Long idling times for vehicles, joyriding and other misuses — a 2014 J5 Broaddus study of Global Positioning System (GPS) data from trackers mounted on Columbus city vehicles found these and other inefficiencies.
Now, Oktibbeha County supervisors are hopeful a similar, in-house analysis will cut wasteful habits in its road department.
As last week’s conversation surrounding Oktibbeha County’s potential purchase of GPS implements to track its own vehicles and equipment turned to the effects of how monitoring employees’ performance will affect morale, Columbus Public Information Officer Joe Dillon said his city’s experiment with the trackers has helped officials better understand its maintenance and police departments.
Dillon said GPS trackers are utilized in many, if not all, Columbus Police Department vehicles but did not have an exact count Monday. On Tuesday, Public Works Director Casey Bush said the devices are installed on eight of his department’s vehicles.
Chief Financial Officer Milton Rawle said the city pays a total of $1,049.45 per month ($12,593.40 per year) for 55 units, including 40 assigned to the police department and 15 for Public Works.
While the two departments’ usage of the devices have helped with employee performance issues, Dillon said they are an asset simply for better general operations.
Bush, for example, pointed out a past experience when a resident complained a city work crew broke a home’s window. Officials analyzed GPS data after the report was made and determined a city crew was not positioned in that area the entire week, he said.
“The initial goal was never for employee discipline. Instead, it’s used as a way to help schedule work crews and to see how long it takes to do certain jobs in certain areas,” Dillon said. “With anything that’s not emergency work, it’s typically scheduled by certain days of the week for certain wards — a rotating schedule. We do our best to estimate, on paper, how long something will take, but the trackers are a good way to actively see how long a project takes so that in the future we can better schedule the people and equipment.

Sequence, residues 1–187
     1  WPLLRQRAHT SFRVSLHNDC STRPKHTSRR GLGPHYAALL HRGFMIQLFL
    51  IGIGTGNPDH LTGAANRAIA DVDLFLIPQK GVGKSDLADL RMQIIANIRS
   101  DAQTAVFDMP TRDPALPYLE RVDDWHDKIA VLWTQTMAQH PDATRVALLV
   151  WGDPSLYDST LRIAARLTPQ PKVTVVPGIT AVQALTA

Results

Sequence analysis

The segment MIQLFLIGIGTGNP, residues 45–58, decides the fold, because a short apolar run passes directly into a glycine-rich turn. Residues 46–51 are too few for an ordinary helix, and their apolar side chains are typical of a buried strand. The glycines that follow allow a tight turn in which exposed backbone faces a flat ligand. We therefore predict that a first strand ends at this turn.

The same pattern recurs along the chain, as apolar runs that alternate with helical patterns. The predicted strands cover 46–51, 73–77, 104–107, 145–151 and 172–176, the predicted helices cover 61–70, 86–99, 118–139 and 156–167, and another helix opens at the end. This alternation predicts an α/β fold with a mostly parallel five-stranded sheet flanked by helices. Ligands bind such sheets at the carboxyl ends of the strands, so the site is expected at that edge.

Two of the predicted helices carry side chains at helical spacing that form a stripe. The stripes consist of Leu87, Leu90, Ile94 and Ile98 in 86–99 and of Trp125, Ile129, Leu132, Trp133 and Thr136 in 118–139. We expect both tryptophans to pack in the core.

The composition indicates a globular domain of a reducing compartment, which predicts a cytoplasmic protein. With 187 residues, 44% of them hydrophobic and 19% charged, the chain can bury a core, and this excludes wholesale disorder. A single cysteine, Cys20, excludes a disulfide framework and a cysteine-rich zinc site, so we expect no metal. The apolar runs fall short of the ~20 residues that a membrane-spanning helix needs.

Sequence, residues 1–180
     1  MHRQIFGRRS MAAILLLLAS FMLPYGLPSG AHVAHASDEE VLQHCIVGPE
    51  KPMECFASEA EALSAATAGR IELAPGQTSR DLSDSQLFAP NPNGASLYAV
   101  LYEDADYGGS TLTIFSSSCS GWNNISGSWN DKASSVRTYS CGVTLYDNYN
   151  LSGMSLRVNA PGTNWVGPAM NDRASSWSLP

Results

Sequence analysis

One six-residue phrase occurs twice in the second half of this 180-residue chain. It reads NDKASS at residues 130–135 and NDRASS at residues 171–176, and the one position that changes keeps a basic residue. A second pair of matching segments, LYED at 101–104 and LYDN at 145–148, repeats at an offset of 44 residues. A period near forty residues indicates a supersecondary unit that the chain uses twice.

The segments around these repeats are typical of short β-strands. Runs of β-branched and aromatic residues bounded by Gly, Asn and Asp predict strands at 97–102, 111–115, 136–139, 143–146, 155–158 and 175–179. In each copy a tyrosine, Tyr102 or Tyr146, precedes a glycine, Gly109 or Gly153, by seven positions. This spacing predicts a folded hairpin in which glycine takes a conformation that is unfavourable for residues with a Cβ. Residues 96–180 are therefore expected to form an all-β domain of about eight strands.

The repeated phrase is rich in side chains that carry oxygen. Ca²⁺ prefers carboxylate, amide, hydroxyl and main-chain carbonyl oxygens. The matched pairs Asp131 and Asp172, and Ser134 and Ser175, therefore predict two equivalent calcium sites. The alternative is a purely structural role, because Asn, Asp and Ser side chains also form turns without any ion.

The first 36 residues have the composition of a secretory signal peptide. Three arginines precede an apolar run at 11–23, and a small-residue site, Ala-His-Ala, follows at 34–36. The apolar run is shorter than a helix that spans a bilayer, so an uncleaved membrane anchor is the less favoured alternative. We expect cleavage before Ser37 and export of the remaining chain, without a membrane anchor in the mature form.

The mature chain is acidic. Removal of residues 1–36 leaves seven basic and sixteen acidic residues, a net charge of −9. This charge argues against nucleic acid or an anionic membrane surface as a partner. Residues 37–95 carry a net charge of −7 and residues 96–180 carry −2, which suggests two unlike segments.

“The city runs into the same thing everyone else does: You hope and plan for a project to take a certain length of time,” he added. “There are so many unknowns that can come up that many times it takes double the amount of time you estimated.”
While some Columbus workers reported they did not like having their day-to-day actions monitored, J5 senior project manager Robyn Eastman said the data produced from GPS tracking helped Columbus eliminate inefficiencies and carve out problematic employee habits.
The 2014 study based on GPS tracking data and observations by J5 officials found numerous issues: vehicles idled for long periods, wasting gasoline; one crew drove 102 miles in a day, never leaving the city limits and never traveling more than 34 miles per hour; and long, off-site lunch breaks, among others.
“There’s a saying that character is what we do when nobody is watching. A lot of times, there’s no sense of ownership (with government-owned vehicles and equipment). We take care of our own cars and trucks because they’re ours. Some of the workers thought it was ‘Big Brother’ looking over their shoulder and hated it, but the city can save money by eliminating inefficiencies,” Eastman said. For governing bodies to successfully utilize the data produced by GPS trackers, Eastman said a point person must be identified to handle the information and convert it to usable metrics for leaders to act upon.
“It’s meaningless without somebody doing something with the data. A single person can manage a fleet, track maintenance costs and know how frequently a vehicle is out of position. It’s a lot of information, but I think it’s critical councilmen or supervisors see monthly or weekly data rollouts of their departments,” he said.
Morale vs. efficiency
Oktibbeha County supervisors pushed action on purchasing a number of the units to May after questions about how the devices will affect morale emerged.
Both District 1 Supervisor John Montgomery and District 4 Supervisor Bricklee Miller backed the purchase, saying they’ve received numerous calls from constituents who have spotted workers off-site in county vehicles during work hours. Installing the GPS units, they said last week, will allow road foremen to ensure workers stay on-site and productive.
While District 2 Supervisor Orlando Trainer did not completely rule out the idea, he said such a move could affect workers’ productivity by “implying (they’re) not doing what they should be doing.”
Representatives of Security Solutions are expected to be invited to Monday’s board of supervisors meeting to discuss its company’s quote for 25 units at a monthly $25 per-unit rate. The board has not yet indicated exactly how many devices it wishes to purchase.
Carl Smith covers Starkville and Oktibbeha County for The Dispatch. Follow him on Twitter @StarkDispatch